Great speakers and a variety of vendors displaying their products and services. There has been a session on FTD the times I’ve attended.
For professionals who attend, they can get continuing education credits.
It is held at the Radisson Hotel in Cromwell. Sponsored by the Alzheimer’s Association, CT Chapter. More info.
Wouldn’t it be nice to have a place to go to get a brief description of terms like Aphasia, Acetylcholinesterase inhibitors, Dysphagia, Executive function, Lumbar puncture, Neuroleptic drugs, Tau, and many more terms we hear about.
Well there is.
FTDtalk, run by a group of scientists investigating FTD at the University College London Institute of Neurology in the UK, put together a glossary. Thank you scientists!
Go to www.ftdtalk.org/glossary/
The Alzheimer’s Association is a great resource for information and support. The local office of the CT chapter was extremely helpful to me and my wife.
They have a section on their web site that provides information by stages, early-stage caregiving, middle-stage caregiving, or late-stage caregiving, which is very helpful since each stage has its own unique aspects.
An online community: The ALZConnected® online community for everyone affected by dementia, Alzheimer’s or something else, like FTD.
An online tool, Alzheimer’s Navigator®: Designed to help guide you to answers by creating customized action plans and providing access to information, support and local resources.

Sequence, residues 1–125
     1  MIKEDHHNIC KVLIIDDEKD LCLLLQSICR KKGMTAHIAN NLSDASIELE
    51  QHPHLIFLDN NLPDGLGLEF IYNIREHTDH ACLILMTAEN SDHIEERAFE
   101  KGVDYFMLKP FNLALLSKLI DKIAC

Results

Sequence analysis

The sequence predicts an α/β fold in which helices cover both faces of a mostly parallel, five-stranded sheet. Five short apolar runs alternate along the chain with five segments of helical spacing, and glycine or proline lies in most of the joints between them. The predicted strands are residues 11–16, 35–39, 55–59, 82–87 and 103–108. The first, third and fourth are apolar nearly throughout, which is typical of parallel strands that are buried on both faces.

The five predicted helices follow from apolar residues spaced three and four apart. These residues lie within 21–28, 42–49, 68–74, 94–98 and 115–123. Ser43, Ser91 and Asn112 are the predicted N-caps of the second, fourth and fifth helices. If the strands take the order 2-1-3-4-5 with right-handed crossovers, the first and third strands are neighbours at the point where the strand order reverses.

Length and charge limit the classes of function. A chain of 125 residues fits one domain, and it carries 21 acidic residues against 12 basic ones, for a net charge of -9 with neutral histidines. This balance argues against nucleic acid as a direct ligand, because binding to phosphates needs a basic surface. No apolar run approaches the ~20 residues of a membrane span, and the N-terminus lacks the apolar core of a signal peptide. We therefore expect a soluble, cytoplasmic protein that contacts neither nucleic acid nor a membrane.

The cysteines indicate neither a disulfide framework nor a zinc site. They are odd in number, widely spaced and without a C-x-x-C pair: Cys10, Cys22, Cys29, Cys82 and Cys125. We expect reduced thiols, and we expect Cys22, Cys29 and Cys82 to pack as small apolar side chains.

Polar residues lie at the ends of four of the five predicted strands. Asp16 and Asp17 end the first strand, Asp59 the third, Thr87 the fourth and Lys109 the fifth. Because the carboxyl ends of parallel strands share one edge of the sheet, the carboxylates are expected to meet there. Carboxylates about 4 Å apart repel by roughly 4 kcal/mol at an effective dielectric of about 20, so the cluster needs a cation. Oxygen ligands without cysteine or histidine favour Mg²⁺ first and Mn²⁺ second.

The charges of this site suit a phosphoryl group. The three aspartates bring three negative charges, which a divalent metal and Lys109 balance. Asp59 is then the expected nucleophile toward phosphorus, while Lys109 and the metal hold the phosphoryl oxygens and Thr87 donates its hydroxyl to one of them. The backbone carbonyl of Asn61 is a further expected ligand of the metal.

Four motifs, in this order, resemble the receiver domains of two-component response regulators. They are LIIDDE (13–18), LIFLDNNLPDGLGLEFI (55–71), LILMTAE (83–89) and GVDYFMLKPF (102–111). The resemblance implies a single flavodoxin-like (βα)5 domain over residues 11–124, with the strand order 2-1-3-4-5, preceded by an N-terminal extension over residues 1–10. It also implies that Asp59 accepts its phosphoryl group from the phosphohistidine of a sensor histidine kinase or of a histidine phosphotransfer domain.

Check it out at http://www.alz.org/care/overview.asp
I realize it is short notice, but I just became aware of this on the Daily Voice web site.
“The Alzheimer’s Association is sponsoring The Holidays and Dementia talk at Bigelow Center for Senior Activities on Wednesday, Dec 14th at 10:30 a.m.
The focus will be on helping caregivers feel less anxious, frustrated and stressed. With some planning and adjusted expectations, celebrations can be happy, memorable occasions.
The Center is located at 100 Mona Terrace, Fairfield. Any CT resident over 55 is welcome to attend. The program is free of charge. Pre-registration is required by calling 203-256-3166.”
This can be an especially tough time of the year when caring for someone with dementia.
Thinking ahead and reading through the tips below may help.
So much depends on the stage of the disease and how the family, friends are reacting to it.
Now that my wife is in the advanced stage and having been through a few holiday seasons, it’s become somewhat easier to plan, but each year is different as the disease and other circumstances evolve.
For Thanksgiving, I’ll celebrate with her at the assisted living facility. They have a special luncheon that day. Then possibly take her to a family celebration, but I’m thinking about the chaos, the kids running around, the activity and how she will react to it. Fortunately, my oldest son has a spacious house, there are places to go to get some quiet time if needed. Plus he is only a 45 min drive from the assisted living facility.
Here are some tips from the Alzheimer’s Association – Holidays and Alzheimer’s Families
To quote from the Alzheimer’s article, “Take a deep breath. With some planning and adjusted expectations, your celebrations can still be happy, memorable occasions.” I wish that for you.
On Sunday, October 16, 2016, Esther and Keith Harvey from The Connecticut Frontotemporal Dementia Foundation, Inc. educated people about FTD during the “Walk to End Alzheimer’s” in the Greater Hartford, CT area. An awareness table was offered with information on FTD, AFTD and The Connecticut Frontotemporal Dementia Foundation, Inc. Thank you, Esther and Keith, for spreading much needed FTD awareness!